POLITICS

The Government Went Nuclear On Tony Abbott Over His Latest Thought Bubble

'Tony Abbott is delusional and the government is dysfunctional'.

24/02/2017 10:19 AM AEDT | Updated 24/02/2017 1:57 PM AEDT

Tony Abbott launched an extraordinary attack on his own party on Thursday night, calling the Liberals "Labor-lite" and citing a shopping list of things he says should be changed. It took less than 12 hours for senior ministers to go absolutely nuclear on the former Prime Minister, calling him "destructive", "catastrophic" and just plain "wrong".

In a speech on Thursday and during a subsequent Sky News TV interview, Abbott said the government was in danger of losing votes to One Nation, criticising his own side for "drifting", and called for the government to take swift action to cut back on renewable energy, immigration and spending.

"In or out of government, political parties need a purpose," Abbott said.

"Our politics can't be just a contest of toxic egos or someone's vanity project."

Government ministers seemed to take off the gloves on Friday morning, unloading scathing criticisms of Abbott and his record as PM. Abbott has chided his own party in the past, which his colleagues have usually ignored or refused to seriously engage with, but this latest episode has seen perhaps the most explosive criticisms of Abbott yet.

Finance minister Mathias Cormann was stinging, saying he was "flabbergasted" by Abbott's comments which he called "deliberately destructive" and "self-indulgent".

"I find it sad... I'm just saddened by what's self-evidently his decision to provide more and more destructive commentary," Cormann told Sky News.

"He's not helping our cause, he's not helping our country, he's not helping himself. Much of what he says is either wrong or inconsistent with what he did when he was prime minister."

PM Turnbull himself didn't hold back either.

"The fact is my government has a record of achievement. In the last six months or so since the election, we have achieved more with fewer seats in the Senate, in the House, than in the previous three years," he told 3AW radio.

"We are acting and we're getting things done. We're getting things done that we couldn't or wouldn't or didn't get done in the last Parliament... I had the courage not just to give speeches, but to act."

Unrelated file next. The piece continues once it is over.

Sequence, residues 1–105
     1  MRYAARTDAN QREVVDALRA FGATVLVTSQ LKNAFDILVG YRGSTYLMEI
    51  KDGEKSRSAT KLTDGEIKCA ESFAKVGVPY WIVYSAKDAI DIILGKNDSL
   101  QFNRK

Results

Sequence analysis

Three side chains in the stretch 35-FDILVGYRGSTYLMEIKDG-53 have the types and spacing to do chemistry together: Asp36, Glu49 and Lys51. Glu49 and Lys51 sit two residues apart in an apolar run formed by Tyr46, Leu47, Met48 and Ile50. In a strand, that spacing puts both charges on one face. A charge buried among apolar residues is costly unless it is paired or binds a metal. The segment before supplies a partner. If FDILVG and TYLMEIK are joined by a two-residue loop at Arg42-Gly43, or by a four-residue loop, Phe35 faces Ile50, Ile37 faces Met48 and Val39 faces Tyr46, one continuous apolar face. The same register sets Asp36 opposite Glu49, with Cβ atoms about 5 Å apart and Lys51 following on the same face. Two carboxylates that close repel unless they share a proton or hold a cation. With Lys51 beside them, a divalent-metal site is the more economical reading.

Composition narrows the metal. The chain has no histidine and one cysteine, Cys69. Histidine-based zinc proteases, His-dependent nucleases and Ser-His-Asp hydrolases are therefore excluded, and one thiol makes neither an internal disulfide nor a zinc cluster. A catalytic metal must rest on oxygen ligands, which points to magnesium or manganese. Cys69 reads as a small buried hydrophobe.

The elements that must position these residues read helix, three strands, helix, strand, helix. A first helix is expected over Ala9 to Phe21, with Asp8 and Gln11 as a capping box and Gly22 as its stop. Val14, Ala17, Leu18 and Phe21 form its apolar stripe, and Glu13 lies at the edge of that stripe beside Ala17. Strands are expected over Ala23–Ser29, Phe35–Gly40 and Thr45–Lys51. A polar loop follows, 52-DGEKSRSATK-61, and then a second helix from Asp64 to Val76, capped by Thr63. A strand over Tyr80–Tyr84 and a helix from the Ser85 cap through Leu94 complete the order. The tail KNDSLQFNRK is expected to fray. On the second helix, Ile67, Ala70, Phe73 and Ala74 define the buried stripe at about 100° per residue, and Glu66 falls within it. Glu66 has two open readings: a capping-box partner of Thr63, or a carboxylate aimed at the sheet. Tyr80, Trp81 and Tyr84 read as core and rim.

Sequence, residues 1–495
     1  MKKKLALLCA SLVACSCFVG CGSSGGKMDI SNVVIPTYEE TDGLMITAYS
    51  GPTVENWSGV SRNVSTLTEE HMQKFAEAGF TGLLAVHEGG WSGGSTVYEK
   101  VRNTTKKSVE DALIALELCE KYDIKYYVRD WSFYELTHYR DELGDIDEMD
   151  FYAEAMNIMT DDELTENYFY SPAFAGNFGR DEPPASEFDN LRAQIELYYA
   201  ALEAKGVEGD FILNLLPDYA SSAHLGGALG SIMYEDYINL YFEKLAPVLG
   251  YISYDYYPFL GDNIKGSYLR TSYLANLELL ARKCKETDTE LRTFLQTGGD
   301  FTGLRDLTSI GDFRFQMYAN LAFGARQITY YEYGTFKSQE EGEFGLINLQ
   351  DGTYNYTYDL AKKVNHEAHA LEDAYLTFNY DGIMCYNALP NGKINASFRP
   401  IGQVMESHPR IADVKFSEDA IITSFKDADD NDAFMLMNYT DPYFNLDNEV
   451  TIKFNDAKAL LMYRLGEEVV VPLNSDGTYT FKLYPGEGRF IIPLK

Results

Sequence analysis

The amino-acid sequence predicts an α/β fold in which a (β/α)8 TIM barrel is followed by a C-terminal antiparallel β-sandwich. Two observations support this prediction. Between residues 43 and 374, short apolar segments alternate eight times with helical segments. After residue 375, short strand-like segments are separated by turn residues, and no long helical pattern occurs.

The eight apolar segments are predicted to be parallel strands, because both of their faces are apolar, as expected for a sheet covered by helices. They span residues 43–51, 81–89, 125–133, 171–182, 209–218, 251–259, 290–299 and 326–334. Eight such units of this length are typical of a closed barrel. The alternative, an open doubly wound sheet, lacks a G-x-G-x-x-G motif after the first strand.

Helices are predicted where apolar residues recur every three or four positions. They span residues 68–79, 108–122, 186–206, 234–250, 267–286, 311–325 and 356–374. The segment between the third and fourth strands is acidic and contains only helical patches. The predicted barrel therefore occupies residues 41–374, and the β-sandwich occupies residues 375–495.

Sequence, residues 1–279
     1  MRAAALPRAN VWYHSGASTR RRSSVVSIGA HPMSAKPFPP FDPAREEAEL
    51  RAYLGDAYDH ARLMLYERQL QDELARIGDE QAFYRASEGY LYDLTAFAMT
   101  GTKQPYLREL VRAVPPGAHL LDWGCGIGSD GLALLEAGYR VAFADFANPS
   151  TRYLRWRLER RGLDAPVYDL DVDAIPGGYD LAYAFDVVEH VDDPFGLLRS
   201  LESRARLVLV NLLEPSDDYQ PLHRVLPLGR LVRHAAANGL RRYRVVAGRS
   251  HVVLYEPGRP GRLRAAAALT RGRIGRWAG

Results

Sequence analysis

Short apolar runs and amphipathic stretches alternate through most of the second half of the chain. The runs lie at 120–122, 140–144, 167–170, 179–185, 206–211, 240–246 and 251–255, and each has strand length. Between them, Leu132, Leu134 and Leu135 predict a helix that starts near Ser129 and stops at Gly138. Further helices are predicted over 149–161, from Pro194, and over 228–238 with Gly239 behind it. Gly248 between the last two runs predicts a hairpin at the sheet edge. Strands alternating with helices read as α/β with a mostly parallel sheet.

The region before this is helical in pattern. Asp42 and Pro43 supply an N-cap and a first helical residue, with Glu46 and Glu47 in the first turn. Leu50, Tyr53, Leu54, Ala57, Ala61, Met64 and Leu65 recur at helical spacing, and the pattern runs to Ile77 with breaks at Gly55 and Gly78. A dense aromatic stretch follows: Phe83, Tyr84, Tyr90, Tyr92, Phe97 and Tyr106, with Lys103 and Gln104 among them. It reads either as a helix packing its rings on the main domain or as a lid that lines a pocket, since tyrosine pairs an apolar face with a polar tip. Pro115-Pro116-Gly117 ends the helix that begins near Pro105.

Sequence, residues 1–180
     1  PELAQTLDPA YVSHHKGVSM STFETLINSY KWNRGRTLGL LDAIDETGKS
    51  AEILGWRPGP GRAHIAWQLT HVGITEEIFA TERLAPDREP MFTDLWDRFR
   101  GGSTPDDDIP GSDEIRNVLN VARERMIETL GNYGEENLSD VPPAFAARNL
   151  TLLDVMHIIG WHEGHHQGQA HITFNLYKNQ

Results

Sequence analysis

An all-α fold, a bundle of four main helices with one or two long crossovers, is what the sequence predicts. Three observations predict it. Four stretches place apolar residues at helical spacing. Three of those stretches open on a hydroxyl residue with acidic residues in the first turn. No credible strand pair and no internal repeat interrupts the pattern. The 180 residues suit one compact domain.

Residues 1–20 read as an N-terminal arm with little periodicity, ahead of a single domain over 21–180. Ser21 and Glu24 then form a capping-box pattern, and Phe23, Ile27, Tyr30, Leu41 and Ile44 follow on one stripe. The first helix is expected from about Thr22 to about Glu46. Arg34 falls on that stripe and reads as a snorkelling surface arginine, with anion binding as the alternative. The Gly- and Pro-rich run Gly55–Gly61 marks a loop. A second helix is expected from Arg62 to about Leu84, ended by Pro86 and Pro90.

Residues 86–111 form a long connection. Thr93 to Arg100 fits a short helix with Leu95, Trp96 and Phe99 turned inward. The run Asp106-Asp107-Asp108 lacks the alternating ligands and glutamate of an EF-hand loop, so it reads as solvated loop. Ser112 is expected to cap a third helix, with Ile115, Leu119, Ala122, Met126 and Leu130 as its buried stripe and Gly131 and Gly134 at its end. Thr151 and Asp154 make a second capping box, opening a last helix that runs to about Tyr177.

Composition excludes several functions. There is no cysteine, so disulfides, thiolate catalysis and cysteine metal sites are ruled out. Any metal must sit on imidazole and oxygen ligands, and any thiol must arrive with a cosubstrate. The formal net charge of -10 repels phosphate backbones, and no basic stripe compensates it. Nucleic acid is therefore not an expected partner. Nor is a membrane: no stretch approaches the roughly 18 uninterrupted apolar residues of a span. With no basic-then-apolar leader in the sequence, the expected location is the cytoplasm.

Christopher Pyne pointed to polling which shows Turnbull more popular than Abbott, and also attacked the former PM's record in passing legislation. Pyne also said that some of Abbott's ideas would be "catastrophic".

"We won't be slashing spending. Tony Abbott tried that in 2014 in the budget during his leadership but of course a whole lot of zombie legislation sat in the Senate unable to be passed," Pyne said on Today.

Pyne was asked whether there was some plan to quiet Abbott down, after his repeated snipes at the government. After being ousted as PM in 2015, Abbott famously pledged there would be "no wrecking, no undermining, and no sniping" from him.

"That's a matter for Tony Abbott. The Australian people are factoring that in to their equation," Pyne said.

"The last time Tony Abbott was leader, one of the last polls had him at 30 per cent to Bill Shorten's 48 per cent as preferred prime minister. So we are on the right track with Malcolm Turnbull and with the government's policies."

Speaking on a panel with Pyne, Labor MP Anthony Albanese was more blunt.

"Tony Abbott is delusional and the government is dysfunctional," he said.

"The government doesn't have an agenda, doesn't have a sense of purpose, and Tony Abbott's solution is to say 'take what I did in the 2014 budget and go more extreme, go harder'. He just hasn't got the message at all," Albanese continued.

Energy minister Josh Frydenberg delivered a veiled criticism of Abbott's record of delivery as PM, saying the Turnbull administration had been able to pass bills where Abbott had failed. Frydenberg also swiped at the former PM for attacking a renewable energy target which Abbott himself had agreed upon.

"Since the last election we've got through 48 pieces of legislation through the parliament and some of that legislation is something that Tony Abbott tried to do which this government has now delivered," Frydenberg said on ABC Radio.

"Just 18 months ago Tony Abbott's government reached an agreement with the Labor Party on a 23.5 percent RET by 2020."


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